Winter is just right around the corner and what better way to welcome the crisp, cold season with some amazing macro snowflake photography!
Russian photographer Alexey Kljatov has been showcasing nature’s little wonders with his series of breathtaking snowflake photos. Looking at his images, it is easy to believe that his images were taken with a modern DSLR and dedicated macro lens, but in reality, Alexey shot his images with a simple Canon a650 point-and-shoot and an old Helios 44M-5 lens mounted on reverse.
The Reverse Lens Technique
Did I just said mount the lens in reverse? Yes I did.
Believe it or not, you can practically make any regular lens into a macro lens simply by reversing the lens. Of course, this is lenses with an aperture ring is preferable because you can still control the aperture manually. There are simple adapters that lets you do just that and they are very cheap. Just check the front thread sizes of your lenses (ie. 58mm thread reverse adapter for Canon mount and 52mm thread reverse adapter for Nikon mount).
You can learn more about this technique in our Introduction to High Magnification Insect Photography.
As Alexey described in his blog, the Canon a650’s lens is not detachable. So rather than buying a DSLR, Alexey mounted the reverse lens and the camera unto a wooden board and wrapped the entire lens setup in a black plastic bag in order to prevent outside light leakage and outside elements.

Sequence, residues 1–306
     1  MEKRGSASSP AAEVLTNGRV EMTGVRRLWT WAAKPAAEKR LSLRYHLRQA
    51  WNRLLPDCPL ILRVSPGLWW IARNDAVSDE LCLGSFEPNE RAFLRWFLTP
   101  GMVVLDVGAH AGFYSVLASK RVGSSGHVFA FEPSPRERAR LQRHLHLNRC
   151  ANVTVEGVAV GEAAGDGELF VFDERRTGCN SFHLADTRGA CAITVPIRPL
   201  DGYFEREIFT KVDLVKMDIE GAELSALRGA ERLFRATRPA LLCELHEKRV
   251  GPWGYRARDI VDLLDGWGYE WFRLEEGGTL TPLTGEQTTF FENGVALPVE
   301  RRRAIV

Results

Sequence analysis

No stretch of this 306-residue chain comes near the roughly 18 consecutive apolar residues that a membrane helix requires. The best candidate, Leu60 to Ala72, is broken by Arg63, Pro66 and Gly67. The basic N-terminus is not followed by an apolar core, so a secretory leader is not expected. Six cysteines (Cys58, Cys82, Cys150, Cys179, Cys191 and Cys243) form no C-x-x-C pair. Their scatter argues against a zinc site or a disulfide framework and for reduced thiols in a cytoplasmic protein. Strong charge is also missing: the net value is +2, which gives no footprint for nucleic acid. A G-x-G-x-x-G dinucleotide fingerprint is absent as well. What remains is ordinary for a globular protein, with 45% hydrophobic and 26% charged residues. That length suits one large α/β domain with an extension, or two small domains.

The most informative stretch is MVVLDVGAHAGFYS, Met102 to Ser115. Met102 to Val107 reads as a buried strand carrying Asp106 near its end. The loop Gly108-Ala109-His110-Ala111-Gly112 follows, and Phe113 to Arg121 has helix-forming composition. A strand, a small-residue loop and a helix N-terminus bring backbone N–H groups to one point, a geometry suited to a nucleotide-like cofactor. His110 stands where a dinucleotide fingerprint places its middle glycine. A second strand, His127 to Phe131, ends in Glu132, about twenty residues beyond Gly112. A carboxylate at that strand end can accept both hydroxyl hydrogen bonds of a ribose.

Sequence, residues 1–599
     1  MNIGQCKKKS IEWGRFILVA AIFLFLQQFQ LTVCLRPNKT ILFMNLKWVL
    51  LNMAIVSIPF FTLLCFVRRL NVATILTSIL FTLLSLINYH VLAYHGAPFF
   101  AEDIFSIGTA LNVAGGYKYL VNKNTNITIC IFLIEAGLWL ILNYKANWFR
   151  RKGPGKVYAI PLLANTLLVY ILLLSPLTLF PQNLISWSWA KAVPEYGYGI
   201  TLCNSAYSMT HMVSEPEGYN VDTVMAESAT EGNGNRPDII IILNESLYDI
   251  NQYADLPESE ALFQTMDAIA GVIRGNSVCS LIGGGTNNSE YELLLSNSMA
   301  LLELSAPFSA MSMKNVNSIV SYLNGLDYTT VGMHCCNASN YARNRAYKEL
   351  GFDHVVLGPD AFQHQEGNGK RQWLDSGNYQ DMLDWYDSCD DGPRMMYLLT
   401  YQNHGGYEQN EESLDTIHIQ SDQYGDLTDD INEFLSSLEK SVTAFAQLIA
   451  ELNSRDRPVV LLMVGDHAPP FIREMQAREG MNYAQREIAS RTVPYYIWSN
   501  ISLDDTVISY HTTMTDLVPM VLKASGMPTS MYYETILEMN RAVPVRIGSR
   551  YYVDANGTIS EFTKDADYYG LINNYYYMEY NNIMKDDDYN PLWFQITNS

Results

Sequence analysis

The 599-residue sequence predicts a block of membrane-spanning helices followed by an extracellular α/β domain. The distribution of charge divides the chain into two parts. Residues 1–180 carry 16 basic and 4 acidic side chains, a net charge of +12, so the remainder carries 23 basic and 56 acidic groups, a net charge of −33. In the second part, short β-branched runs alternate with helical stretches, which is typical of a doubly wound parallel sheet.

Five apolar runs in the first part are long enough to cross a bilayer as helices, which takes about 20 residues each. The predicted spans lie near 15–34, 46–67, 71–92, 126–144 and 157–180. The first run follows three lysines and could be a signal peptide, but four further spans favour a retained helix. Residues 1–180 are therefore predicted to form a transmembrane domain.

Alexey then mounted three extension tubes to the front of this whole hybrid lens in order to provide enough focusing distance between the front of the lens and the snowflake.
Finally, a snowflake is placed on a flat piece of glass and the camera is placed over the subject.
Shooting Multiple Images to Average Out the Noise
One thing that is noticeable about Alexey’s images is that they are very clean for a point-and-shoot camera. The reason behind this is because Alexey shot 7-8 identical images for each snowflake and layered them on top of each other in Photoshop in order to average out the noise and noise reduction. Each image taken will have random patterns of noise that will change from image-to-image. This technique averages out the random variations of noise and leaves behind the actual snowflake itself. When done right, this is actually far better than denoising programs and plugins out in the market!
Very cool, right!?
You can read more about it in Alexey’s article on averaging identical shots in order to improve the signal-to-noise ratio.
Alexey’s Snowflake Images
If you want to learn the rest of Alexey’s workflow, you can read the rest of his article on how to shoot macro snowflake photography.
Here are some more examples of his stunning images. You can see more on his Flickr page.
Additionally, you can follow Alexey on Google+.